Arguing with a writer over what he should have written sort of defines “pointless.” That’s one reason I hold the speech-he-should-have-given column trope in low regard. And when we’re talking about Mitch Albom? That’s like Wendy barking at the mailman. The mail will arrive tomorrow. Sorry, Wendy.
But I have to say, this column — which, as bad Mitch columns go, is far from the worst — left me a little fish-mouthed for a while. The gist: Mitch is taking some time off in the midst of the biggest local sports story of the year to tend his charity in Haiti, where he and some of his volunteers watched game two of the American League Championship Series via laptop.
I think of what a talented writer, a Jon Carroll or Pete Dexter or Steve Lopez, could do with that material. It’s rich with possibilities — the contrast between grinding poverty and the luxurious details of American baseball; the tiny-planet angle, the weirdness of the game being beamed down into this dark spot on the map, under the eternal, indifferent stars; or maybe Mitch, well-established as a hater of computers and the internet, might admit to some second thoughts about his prejudices. Hell, give me enough time and I could think of a dozen more approaches that might turn this unusual occurrence into something people once looked to columnists to provide, a simple moment that illuminates an eternal truth, or just a good story, well-told.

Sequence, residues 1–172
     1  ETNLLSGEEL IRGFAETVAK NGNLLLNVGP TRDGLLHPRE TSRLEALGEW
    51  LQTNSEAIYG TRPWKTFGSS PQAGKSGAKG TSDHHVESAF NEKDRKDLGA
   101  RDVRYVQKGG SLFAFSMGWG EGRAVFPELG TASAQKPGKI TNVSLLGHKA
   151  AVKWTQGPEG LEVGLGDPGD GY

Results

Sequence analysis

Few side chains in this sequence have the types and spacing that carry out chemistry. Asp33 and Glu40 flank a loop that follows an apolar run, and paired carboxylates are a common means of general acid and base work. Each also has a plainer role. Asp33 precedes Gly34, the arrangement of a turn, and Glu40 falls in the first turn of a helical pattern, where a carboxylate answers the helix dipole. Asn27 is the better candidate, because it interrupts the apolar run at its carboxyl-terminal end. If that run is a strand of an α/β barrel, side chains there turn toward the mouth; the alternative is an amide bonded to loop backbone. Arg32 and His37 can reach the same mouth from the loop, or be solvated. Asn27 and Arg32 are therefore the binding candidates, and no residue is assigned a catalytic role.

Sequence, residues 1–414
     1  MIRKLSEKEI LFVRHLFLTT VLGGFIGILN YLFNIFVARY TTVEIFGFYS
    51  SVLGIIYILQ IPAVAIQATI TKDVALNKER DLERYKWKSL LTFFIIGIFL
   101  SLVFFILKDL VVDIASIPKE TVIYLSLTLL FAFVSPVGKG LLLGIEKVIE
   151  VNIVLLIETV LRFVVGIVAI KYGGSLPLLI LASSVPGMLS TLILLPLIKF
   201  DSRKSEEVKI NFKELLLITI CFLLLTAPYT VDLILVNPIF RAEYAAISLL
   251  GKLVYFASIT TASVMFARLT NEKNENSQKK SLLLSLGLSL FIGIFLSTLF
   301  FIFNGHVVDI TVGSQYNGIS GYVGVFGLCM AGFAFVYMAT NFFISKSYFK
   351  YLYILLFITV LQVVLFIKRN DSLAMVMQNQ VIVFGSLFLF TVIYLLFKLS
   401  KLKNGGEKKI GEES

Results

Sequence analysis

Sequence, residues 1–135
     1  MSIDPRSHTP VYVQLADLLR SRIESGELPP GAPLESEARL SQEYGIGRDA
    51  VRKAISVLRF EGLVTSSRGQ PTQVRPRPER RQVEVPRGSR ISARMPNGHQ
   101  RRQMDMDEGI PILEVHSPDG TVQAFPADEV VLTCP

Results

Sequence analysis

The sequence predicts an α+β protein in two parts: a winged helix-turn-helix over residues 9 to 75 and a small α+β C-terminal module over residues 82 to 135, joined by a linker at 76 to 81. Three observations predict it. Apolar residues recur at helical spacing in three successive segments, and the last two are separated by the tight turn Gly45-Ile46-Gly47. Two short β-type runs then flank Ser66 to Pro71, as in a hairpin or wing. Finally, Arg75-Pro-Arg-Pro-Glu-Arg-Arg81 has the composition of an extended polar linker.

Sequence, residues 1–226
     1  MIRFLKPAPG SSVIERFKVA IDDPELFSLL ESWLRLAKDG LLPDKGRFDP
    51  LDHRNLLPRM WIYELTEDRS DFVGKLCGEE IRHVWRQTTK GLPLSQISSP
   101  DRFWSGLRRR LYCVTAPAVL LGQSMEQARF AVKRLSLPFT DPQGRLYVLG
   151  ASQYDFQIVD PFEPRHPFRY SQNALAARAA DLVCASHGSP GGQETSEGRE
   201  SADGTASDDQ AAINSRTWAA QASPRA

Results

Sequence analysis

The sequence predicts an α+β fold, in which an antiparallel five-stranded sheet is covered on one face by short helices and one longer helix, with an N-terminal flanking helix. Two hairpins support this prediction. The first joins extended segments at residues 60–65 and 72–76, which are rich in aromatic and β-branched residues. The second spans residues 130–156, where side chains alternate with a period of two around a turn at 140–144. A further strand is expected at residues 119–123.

Or, y’know, whatever.
But no. First comes self-promotion:
Many will remember where they were for the game. I will never forget. We had taken a crew of 23 volunteers — plumbers, carpenters, electricians, etc. — to aid in the reconstruction of the Have Faith Haiti Mission, run by a charity I helped start…
Next comes log-rolling:
Normally, we give up on the outside world. We have made these trips before (seven of them, thanks to Roger Penske and Pentastar Aviation, who donate the use of a plane).
Then comes more than a dozen paragraphs of the Hey, Didya See That Game school of sportswriting, where Mitch relates the key events in a contest already 48 hours old, then records his friends’ insightful responses: “Yes!” “Scherzer has this.” “It’s Detroit’s night.” Every so often, it’s like he rouses himself enough to remember yeah, right, the dateline on this sucker is Port-au-Prince and offers a detail:
I noticed a small lizard dart across the wall.
But there’s drama, oh yes there is, as when the laptop crashes at a key moment, but comes back in time to record David Ortiz’ grand slam, after which Mitch reveals the sort of sports acumen that justifies his salary — I knew it was over — and calls it a night.
Ladies and gentlemen, remember to tip your waitresses. The mailman has been driven from the door yet again.
On to the bloggage, then:
Ta-Nehisi Coates on the confederate flag-wavers in front of the White House Sunday:
It is the wisdom of the crowd that matters. The wisdom that marked Sunday’s crowd was the idea that the president “bows down to Allah” and needs to “put the Qu’ran down.” The wisdom that marked Sunday’s crowd was the notion that Obama was not the president of “the people” but the president of “his people.” The wisdom of Sunday’s crowd held that the police, doing their job, looked “like something out of Kenya.” It’s not so much that a man would fly a Confederate flag, as Jeff Goldberg notes, in front of the home of a black family. It’s that a crowd would allow him the comfort of doing it.
Rielle Hunter is sorry. So very, very sorry. And coincidentally (I’m sure), she has a new book out this week.
Wednesday dawns, the week advances, and we’re all 24 hours older.